Aaron Burdett to play Winston-Salem’s Ramkat
There are a lot of great railroad songs out there — “Wabash Cannonball,” “Casey Jones,” “The City of New Orleans,” “Hey, Porter,” “Crazy Train” and on and on — but singer/songwriter Aaron Burdett didn’t really want to try writing another one, even though he grew up in Saluda, a small town known for its perch atop the Saluda Grade, the steepest stretch of mainline railway line in the United States.
“The trains ran when I was a kid,” said Burdett, who spoke to me by phone last week as he drove by car Westward back up into the mountains. “And so there was always that nostalgia thing, but I always thought it was super-dorky to write a train song, so I avoided it.”
Burdett plays the Ramkat in Winston-Salem on Saturday, Dec. 1, with his acoustic trio on a bill with Town Mountain.
Burdett, who has been making records steadily since his 2005 debut The Weight of Words, did end up writing that train song and putting it on his 2017 album Refuge, his seventh record. It’s a song called “Pennies on the Tracks,” but it’s not your standard railway song. It’s not a retro fantasy about the golden days before the ascendancy of the automobile, and it’s not quite a transportation disaster song. It’s got hardship baked into it, the suffering of the laborers who worked to clear the land, dig, crush the stone and lay the track. Burdett sings about the exploitation of the workers who risked — and in some cases lost — their lives to complete that feat of construction and engineering.
“Pennies on the Tracks” is, in some ways, a little like Gordon Lightfoot’s “Canadian Railroad Trilogy,” a song that captures the generally unsung backbreaking toil that goes into taming the wilderness, putting the human stamp of transport, commerce and recreational sightseeing onto a landscape that is still ultimately bigger and stronger than us.
“One wrong move and we’ll all be torn apart,” sings Burdett in the voice of someone driving the Carolina Special, a luxury train that ran through from Ohio, through Asheville, and down that Saluda Grade into South Carolina.
If “Pennies on the Tracks” is a slight change of course from Burdett’s other material, a detour into historical storytelling, where many of his songs seem to be set closer to a recognizable present, what it has in common with a lot of Burdett’s songs is a sympathetic eye on the plight of working people. Burdett often sings about how the need to hold a job, to pay bills, to feed families and have stuff can run the risk of ruining everything, either by jeopardizing one’s health, by requiring time away from loved ones or by chewing away at a person’s sense of themselves.
“It’s A Living,” the second track on Refuge, chronicles someone wryly doing the math on their soulless day job at an office, and the hours it consumes of their life. “It’s good to have the bills paid, but it’s a precious trade, spending half of my time on something I don’t like, to pay for the half I do,” Burdett sings.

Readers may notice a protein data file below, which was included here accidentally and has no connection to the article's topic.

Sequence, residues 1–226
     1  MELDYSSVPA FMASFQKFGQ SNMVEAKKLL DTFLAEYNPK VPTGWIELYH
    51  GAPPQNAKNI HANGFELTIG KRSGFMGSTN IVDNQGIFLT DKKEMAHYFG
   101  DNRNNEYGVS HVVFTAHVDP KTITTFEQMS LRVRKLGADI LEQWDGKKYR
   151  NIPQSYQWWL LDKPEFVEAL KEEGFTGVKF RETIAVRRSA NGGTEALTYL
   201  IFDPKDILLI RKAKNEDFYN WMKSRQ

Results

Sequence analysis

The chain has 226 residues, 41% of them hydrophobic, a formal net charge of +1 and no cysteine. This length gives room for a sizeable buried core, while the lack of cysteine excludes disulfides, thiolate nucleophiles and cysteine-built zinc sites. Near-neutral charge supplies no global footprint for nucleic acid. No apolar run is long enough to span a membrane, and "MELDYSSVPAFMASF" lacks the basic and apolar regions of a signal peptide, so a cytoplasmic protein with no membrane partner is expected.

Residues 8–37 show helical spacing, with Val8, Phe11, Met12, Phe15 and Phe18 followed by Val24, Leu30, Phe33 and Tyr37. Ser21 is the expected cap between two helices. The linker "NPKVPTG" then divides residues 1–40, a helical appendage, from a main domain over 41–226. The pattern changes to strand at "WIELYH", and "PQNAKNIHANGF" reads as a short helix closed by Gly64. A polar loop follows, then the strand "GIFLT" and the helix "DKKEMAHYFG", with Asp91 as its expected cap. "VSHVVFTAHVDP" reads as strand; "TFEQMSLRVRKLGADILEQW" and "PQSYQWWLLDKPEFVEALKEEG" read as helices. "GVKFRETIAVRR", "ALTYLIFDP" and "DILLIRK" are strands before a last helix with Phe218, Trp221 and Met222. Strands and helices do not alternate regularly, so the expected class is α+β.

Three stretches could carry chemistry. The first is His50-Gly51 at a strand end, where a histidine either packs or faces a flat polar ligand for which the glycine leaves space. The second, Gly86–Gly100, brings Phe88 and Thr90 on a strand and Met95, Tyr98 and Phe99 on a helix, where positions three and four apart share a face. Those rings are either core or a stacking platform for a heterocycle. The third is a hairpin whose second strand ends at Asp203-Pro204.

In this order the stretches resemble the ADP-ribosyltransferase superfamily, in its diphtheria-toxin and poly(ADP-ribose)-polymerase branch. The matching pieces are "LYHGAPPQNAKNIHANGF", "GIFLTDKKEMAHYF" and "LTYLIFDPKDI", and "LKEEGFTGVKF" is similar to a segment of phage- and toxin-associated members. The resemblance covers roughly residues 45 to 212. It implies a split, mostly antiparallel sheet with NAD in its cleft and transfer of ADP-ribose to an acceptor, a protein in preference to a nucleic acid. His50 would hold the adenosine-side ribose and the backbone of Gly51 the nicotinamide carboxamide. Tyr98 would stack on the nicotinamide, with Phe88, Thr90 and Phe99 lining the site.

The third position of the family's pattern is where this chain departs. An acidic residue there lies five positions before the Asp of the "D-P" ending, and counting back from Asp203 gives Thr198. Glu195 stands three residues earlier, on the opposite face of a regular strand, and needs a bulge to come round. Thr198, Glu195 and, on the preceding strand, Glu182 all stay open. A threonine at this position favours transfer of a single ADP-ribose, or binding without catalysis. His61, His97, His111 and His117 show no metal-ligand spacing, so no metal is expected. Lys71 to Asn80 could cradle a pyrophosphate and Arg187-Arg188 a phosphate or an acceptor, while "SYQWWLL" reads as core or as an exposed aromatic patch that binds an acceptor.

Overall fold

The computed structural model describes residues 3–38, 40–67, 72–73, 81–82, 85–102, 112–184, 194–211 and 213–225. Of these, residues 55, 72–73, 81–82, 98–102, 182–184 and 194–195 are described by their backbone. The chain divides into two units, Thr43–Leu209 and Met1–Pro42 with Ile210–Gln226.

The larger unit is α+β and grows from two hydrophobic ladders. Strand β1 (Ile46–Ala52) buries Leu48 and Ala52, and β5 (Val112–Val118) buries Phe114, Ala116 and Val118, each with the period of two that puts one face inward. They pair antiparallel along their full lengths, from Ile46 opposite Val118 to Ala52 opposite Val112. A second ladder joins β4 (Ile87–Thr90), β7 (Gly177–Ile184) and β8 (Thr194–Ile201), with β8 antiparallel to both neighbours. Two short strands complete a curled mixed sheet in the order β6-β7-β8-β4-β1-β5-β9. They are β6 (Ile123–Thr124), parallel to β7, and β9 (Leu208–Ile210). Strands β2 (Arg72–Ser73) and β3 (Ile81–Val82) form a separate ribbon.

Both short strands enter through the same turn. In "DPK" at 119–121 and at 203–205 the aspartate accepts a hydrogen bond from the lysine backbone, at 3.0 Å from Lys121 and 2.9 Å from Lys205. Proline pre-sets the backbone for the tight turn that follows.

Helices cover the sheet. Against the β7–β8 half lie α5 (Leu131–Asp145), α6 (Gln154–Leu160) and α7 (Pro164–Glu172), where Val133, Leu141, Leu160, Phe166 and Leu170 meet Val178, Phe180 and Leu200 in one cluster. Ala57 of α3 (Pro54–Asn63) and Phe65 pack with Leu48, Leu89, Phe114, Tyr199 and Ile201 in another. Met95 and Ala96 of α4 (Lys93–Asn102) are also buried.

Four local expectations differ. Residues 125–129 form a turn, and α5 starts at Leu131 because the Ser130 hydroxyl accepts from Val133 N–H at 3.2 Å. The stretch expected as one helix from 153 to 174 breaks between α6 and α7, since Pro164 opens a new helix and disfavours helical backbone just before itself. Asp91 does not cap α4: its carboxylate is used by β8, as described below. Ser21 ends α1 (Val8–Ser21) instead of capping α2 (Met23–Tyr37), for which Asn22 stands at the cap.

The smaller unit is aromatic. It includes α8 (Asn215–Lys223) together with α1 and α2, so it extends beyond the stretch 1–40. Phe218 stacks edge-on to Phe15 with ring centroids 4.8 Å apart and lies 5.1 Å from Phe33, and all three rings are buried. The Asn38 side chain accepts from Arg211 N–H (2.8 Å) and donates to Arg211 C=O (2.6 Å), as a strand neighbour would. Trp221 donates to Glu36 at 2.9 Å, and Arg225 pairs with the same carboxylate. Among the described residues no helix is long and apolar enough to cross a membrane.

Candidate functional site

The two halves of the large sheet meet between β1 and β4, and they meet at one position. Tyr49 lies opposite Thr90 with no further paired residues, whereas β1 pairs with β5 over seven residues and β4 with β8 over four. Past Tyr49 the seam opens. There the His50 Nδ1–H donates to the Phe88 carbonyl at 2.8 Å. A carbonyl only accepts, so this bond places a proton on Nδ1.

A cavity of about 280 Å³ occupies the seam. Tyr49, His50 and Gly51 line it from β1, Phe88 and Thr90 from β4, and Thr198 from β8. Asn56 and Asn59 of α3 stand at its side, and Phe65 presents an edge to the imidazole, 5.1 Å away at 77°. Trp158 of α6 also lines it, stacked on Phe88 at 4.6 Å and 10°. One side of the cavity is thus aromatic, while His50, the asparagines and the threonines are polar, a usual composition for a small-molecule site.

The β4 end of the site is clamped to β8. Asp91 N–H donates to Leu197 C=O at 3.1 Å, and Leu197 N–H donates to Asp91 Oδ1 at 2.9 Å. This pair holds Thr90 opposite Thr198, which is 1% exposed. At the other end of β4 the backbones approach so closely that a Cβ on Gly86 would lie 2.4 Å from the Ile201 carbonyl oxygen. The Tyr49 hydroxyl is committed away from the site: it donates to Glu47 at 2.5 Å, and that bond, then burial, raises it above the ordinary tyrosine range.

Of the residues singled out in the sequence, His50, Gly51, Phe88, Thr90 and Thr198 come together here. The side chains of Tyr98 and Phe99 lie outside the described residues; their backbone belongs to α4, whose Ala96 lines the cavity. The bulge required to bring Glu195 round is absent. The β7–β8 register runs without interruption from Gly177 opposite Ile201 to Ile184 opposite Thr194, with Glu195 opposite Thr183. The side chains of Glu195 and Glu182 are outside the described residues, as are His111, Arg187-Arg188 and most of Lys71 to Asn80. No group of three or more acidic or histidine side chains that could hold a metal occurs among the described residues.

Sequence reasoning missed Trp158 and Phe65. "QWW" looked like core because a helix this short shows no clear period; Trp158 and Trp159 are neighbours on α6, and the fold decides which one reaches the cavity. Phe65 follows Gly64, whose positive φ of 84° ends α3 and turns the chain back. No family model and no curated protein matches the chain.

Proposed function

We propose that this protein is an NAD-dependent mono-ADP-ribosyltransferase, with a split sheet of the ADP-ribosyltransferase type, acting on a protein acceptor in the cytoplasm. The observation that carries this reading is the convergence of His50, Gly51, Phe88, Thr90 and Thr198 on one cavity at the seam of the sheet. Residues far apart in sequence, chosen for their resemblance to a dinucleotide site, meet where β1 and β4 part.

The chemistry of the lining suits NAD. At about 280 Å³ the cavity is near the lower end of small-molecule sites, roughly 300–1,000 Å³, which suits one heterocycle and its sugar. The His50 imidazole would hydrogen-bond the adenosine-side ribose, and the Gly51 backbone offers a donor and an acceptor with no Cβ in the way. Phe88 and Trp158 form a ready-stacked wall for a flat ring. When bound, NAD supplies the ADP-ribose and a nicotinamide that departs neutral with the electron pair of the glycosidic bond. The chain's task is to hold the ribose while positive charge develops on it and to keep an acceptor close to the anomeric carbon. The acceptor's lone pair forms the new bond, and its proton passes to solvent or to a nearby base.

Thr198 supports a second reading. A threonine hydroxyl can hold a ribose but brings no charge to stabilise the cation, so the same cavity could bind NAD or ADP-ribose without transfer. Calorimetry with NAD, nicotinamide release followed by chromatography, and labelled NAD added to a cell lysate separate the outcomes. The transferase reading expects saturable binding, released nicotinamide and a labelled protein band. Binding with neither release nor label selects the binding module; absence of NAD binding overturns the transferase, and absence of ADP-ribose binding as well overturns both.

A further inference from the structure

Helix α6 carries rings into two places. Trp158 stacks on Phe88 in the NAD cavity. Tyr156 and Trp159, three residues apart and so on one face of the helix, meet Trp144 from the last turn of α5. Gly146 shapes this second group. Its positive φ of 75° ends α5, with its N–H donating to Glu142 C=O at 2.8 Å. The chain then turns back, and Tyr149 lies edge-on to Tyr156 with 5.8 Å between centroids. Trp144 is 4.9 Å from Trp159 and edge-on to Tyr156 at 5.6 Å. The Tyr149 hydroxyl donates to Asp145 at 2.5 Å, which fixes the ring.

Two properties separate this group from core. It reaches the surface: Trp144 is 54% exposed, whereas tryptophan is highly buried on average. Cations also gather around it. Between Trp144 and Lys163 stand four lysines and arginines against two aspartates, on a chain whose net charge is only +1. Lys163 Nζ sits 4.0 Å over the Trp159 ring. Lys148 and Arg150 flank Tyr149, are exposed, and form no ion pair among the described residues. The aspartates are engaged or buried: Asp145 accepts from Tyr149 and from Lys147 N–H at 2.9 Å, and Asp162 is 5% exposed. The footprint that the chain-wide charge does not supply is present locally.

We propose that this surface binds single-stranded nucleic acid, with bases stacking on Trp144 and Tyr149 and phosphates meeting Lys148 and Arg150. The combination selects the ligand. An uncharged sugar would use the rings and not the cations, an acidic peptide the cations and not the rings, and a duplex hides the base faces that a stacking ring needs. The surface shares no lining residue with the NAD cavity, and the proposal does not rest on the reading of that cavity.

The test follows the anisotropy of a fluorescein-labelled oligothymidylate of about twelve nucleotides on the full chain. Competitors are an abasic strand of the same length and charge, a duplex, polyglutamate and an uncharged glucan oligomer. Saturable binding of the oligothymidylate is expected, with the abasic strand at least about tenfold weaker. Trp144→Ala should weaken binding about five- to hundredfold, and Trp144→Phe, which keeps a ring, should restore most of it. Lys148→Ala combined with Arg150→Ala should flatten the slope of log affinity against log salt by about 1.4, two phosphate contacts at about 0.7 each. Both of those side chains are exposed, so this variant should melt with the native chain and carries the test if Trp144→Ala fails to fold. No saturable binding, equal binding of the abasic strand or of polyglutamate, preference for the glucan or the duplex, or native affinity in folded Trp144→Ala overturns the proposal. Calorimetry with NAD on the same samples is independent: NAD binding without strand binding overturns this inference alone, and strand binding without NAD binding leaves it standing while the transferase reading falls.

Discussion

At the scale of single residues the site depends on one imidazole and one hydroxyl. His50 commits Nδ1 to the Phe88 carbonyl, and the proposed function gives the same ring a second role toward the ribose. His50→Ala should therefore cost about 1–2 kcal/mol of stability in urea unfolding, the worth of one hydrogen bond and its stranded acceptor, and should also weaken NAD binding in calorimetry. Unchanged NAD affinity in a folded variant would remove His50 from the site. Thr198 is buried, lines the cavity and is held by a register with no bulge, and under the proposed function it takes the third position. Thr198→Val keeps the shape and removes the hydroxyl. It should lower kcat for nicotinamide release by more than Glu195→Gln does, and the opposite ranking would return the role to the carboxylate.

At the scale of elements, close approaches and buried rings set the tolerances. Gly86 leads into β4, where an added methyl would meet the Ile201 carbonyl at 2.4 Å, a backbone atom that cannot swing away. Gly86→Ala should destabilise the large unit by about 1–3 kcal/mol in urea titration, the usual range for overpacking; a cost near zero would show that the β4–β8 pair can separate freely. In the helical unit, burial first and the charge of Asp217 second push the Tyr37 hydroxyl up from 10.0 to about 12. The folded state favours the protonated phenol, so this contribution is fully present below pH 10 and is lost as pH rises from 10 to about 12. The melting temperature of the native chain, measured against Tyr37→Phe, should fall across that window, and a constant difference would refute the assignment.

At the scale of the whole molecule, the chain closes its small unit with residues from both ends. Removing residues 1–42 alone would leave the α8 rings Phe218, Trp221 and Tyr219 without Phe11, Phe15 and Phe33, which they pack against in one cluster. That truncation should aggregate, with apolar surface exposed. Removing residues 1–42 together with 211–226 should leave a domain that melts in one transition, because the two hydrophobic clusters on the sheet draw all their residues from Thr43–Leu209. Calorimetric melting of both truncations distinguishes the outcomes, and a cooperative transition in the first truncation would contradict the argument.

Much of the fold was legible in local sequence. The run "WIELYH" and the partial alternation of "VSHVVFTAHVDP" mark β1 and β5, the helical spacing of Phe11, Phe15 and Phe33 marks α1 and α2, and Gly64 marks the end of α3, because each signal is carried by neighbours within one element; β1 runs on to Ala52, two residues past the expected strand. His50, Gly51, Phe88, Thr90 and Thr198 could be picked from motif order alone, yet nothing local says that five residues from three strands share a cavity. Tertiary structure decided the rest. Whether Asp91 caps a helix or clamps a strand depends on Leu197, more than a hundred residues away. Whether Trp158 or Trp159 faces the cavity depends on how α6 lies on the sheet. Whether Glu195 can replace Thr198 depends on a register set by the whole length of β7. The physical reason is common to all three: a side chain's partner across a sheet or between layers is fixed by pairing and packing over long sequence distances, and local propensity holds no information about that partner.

Another tune that might be a little closer to autobiographical for Burdett is “Rock and Roll.” It too explores the peculiar ironies and the bittersweet blur of being a performer, “a bluegrass picker hiding behind a Telecaster,” on the road, on stage, on a quest for some elusive glory, always suspicious that the whole game might be rigged or just a traveling circus in the end.
The indignities of the working world, the prospect of burnt bridges, romances that have faded and died, too much drinking, and what we generally call “poor choices,” these are fairly standard themes for country music. And Burdett walks that line, between George Jones and James Taylor, with a connection to artists like John Prine and even Jimmy Buffett. Sadness and dead-end scenarios show up in Burdett’s songs, but he’s got a sly sense of humor, and a dash of soul gets snuck in behind the ache of the pedal steel guitar. Sometimes there’s careful fingerpicking on an acoustic; sometimes he strums starkly on a Fender with some tremolo. Sometimes there’s a backbeat, a band and a fiddle, and sometimes it’s more of a folky setting. His tenor is clear and expressive, strong but also relaxed.
His song “Another Nail in the Coffin,” also off Refuge, captures that sad/funny comic/self-destructive perspective of someone who’s basically given up a little bit after a lover has left. It’s about a dude in a drive-thru in the wee hours waiting for another burger, sipping cheap whiskey and telling himself it doesn’t much matter how things fell apart. “Don’t waste your time thinking ‘bout what you coulda done differently, just drive another nail in the coffin, get that lid on tight,” he sings.
And after the characters who come unspooled, throw in the towel a bit too energetically, or who shoot themselves in the foot with a kind of sullen male inaction, on “Last Refuge” Burdett sings out about redemption and remaining anchored, a love song about someone who can pull a wanderer back to where they need to be.
As a songwriter and performer, Burdett said he wants the songs to be real, to be entertaining and to be good. But he also wants them to be varied, both sonically and thematically.
“They’re all about life,” he said, “at some point, somebody’s life, whether I’ve observed it or made it up.”
See Aaron Burdett’s Acoustic Trio at the Ramkat on Saturday, Dec. 1. theramkat.com.
John Adamian lives in Winston-Salem, and his writing has appeared in Wired, The Believer, Relix, Arthur, Modern Farmer, the Hartford Courant and numerous other publications.